The I-94 Emergency Route in Michigan, also known as Emergency Interstate 94, is a series of public highways that parallel I-94 across most of southern Michigan. It is sometimes necessary to use this second route due to accidents, planned lane closures, or other traffic jams. Without the secondary highway, the alternatives would involve driving on gravel roads or going far off course to get to a different freeway. On the other hand, with a parallel highway available, getting around problems on the road should be easy.
In theory, this is a great system of redundancy for transportation. But in practice, nobody actually knows where the Emergency Route is located! That’s because the route was never published on any road map. Ask any road warrior of southwest Michigan about the Emergency Route, and they will probably tell you about the times when they had to get off the Interstate and try to find their way through scenery of unfamiliar farms and small towns. That’s what it feels like during the day, with plenty of gas in the tank. Attempt this at night, and it becomes too intimidating for most drivers.
A favorite story of my own is about the night I was driving west from Ann Arbor in moderate Art Fair traffic. There was a major accident near Exit 139 and I encountered a total closure of the westbound side of the Interstate at that point. I knew all I had to do was turn south and then find my way back to the Interstate farther west where it was still open. I might have been the only person around who knew how to do this, though. Nobody was smart enough to follow me on my detour, and when I rejoined the westbound lanes, I was the only driver on that side for miles. Even the truckers were turning around and heading back east.
To make commuting easier, I created my own map of I-94 to keep in the car with me. I’m going to share it now for personal use by fellow drivers.
Get the PDF Map – It prints slightly better than Google.
There is a bit more you will need to know before you can make good use of this map. The Emergency Route is marked by about 200 sign posts starting in New Buffalo and ending in Chelsea, Michigan. It is adequate to know that these signs are arranged in a pattern that makes them highly confusing. Each sign says “emergency”, followed by “east” or “west”, the Interstate 94 shield, and then an arrow pointing either up, left, or right. These signs are often combined with multiple highway numbers, business routes, truck routes, and other information. I don’t actually know what every one of them means, but I can tell you where to look for them.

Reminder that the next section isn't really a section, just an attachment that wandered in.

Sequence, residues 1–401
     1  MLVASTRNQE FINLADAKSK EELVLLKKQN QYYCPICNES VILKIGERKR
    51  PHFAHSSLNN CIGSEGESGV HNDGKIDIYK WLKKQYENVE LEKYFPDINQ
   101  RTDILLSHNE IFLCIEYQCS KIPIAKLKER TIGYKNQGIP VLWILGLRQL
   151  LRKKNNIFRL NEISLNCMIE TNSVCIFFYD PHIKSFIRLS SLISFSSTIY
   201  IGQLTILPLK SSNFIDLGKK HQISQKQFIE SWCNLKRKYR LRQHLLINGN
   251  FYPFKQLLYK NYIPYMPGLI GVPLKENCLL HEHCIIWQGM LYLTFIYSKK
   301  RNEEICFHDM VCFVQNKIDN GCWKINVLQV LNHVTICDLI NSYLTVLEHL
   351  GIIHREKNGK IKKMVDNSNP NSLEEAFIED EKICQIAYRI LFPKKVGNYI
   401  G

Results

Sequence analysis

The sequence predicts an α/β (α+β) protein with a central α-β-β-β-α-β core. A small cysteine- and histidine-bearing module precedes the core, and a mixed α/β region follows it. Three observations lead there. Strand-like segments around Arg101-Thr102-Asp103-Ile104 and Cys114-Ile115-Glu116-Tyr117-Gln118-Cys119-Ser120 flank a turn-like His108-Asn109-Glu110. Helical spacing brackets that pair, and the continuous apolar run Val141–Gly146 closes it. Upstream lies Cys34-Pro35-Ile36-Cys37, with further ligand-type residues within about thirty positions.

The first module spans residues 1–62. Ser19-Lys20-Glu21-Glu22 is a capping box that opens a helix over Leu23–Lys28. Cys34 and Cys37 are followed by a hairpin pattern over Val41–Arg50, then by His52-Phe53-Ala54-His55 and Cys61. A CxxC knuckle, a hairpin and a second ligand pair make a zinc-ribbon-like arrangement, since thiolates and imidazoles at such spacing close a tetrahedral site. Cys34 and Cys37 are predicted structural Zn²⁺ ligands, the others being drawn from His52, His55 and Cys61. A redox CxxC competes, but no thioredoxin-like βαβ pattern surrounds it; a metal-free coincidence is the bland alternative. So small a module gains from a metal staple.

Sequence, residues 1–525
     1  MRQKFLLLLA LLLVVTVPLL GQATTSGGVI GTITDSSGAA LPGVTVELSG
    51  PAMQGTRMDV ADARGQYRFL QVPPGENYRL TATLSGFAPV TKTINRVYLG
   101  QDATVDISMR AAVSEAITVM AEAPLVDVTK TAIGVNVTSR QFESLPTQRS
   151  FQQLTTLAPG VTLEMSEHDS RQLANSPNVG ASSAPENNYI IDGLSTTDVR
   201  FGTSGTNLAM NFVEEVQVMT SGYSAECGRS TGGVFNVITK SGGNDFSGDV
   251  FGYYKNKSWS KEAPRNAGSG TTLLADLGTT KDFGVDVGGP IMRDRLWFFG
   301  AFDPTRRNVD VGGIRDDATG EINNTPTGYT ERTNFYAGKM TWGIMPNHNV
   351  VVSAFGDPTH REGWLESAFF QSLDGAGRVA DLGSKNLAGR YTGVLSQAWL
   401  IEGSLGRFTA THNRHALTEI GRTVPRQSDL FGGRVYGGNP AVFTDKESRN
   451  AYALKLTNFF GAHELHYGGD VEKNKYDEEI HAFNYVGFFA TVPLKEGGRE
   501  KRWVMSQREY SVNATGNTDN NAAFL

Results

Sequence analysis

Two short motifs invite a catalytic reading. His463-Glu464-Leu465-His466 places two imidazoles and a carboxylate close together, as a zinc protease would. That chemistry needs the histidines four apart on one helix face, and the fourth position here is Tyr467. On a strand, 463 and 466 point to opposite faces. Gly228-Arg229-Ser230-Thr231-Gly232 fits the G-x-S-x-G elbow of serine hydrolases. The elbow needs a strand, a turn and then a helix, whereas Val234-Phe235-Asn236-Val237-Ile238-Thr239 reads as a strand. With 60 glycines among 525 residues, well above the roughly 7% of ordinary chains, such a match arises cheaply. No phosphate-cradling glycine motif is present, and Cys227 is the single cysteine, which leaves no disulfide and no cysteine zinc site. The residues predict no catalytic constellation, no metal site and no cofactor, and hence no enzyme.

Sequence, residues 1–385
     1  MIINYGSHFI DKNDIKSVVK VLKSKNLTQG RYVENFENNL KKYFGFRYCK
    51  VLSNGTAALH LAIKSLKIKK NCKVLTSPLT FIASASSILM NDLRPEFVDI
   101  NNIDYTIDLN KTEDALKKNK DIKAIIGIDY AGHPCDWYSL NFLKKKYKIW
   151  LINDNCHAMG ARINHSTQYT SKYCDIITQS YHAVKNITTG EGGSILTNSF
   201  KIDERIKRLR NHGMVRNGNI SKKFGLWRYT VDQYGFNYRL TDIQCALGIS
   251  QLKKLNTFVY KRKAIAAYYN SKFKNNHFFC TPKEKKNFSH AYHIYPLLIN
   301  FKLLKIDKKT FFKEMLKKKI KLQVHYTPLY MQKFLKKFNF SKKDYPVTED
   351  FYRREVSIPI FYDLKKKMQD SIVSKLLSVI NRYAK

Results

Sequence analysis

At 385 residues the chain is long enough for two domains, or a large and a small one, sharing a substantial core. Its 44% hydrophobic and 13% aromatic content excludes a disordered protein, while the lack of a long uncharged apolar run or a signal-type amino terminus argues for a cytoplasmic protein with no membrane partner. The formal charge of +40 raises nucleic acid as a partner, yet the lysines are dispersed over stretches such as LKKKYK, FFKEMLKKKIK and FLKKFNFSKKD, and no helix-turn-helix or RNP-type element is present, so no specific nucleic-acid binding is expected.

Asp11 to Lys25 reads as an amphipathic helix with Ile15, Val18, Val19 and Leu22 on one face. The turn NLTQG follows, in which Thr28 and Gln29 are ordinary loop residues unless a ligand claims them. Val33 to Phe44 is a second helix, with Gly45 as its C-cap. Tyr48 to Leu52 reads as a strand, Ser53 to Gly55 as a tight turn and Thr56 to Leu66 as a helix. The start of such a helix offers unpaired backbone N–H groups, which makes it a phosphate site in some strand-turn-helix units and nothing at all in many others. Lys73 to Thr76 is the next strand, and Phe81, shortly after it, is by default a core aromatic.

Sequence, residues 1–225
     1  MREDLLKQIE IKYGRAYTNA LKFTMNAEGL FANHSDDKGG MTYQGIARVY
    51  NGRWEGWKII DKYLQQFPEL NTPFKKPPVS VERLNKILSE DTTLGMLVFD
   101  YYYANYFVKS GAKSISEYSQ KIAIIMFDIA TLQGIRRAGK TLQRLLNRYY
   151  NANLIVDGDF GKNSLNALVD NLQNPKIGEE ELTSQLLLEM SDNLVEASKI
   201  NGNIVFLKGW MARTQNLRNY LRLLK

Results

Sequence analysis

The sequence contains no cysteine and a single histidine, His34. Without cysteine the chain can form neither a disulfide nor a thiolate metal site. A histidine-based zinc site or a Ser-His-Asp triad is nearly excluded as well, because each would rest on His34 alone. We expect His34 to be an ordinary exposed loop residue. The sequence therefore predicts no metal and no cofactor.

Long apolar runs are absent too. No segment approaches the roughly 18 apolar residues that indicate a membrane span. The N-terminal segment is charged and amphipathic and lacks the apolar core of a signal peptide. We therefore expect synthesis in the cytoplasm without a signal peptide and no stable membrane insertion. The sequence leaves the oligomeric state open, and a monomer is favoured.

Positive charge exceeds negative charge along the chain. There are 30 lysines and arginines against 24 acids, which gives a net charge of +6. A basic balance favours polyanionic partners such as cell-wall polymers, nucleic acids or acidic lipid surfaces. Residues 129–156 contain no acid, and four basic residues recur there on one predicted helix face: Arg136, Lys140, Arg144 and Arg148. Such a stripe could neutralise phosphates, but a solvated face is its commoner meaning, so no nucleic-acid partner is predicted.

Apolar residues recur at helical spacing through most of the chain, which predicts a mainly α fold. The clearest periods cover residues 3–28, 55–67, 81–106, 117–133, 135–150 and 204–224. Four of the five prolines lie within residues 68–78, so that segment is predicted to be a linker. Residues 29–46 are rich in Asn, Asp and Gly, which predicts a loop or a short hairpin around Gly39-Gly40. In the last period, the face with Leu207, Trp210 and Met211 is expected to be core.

At most (but not all) of the I-94 off-ramps, there is one sign pointing in the direction that corresponds to the turn you need to make at the end of the ramp in order to get to the Emergency Route. That turn usually puts you on to a short feeder road that connects to the Emergency Route, where there are usually (but not always) two signs saying which way to turn to go east or west. Now, this is where it gets weird. If you were to drive backwards a bit on the Emergency Route, it is very likely that you would find a sign for the same east or west route that points not in the direction you are now headed, but back the way you just came. Likewise, as you progress along the Emergency Route in your desired direction, the next sign you are likely to find is not going to point you helpfully along the highway, but back toward the Interstate at the next on-ramp. At most of the feeder roads, you can find two or three signs that point north, and just as many that point south for the same purpose. And they all look exactly the same. This is one of the reasons why I need to rely on a map when I drive the route. If I become disoriented with the roads, I can’t rely on the signs to tell me which way to go.
There is one other vital piece of knowledge about the Emergency Route. Most of the roads that make up the route are not State roads. The State only maintains the signs. In one resulting situation, I got an unpleasant surprise when I exited the Interstate during a construction lane closure, only to find that part of the Emergency Route had been closed for construction, and the detour went on a nearly impassable and unmarked dirt road. Not only does this type of detour not appear in the State traffic information, the State was totally unaware they had closed part of I-94 without an obvious way around it. Such incoordination among agencies is something to watch out for when relying on the MiDrive website for information.
By now, I hope you are thinking there should be more to it than this. And there is, because today’s road warrior has to have GPS to play with. Google Maps, which I linked above, is inadequate to the task because the mobile versions have none of the custom mapping features. And it’s no fun trying to read a paper printout while navigating with a perfectly good computer. So, here is one more cool idea: Get the free My Maps Editor application for iPad or iPhone, or hopefully an equivalent program for your GPS platform. My Maps Editor has a prominent “Maps” button at the top. At the end of the Maps screen, there is an option called “Add Online/KML map.” After selecting that option, just type in this URL: http://hot.miqrogroove.com/maps/i94e-route.kml and then press the “Done” and “Close” buttons to return to the map. Alternatively, by simply following my link now, you can avoid some typing.
If you’re not too attached to the Google Maps visual format, there is another great application called Galileo Offline Maps that will also recognize the previous KML link, and does not require any network connection when on the road.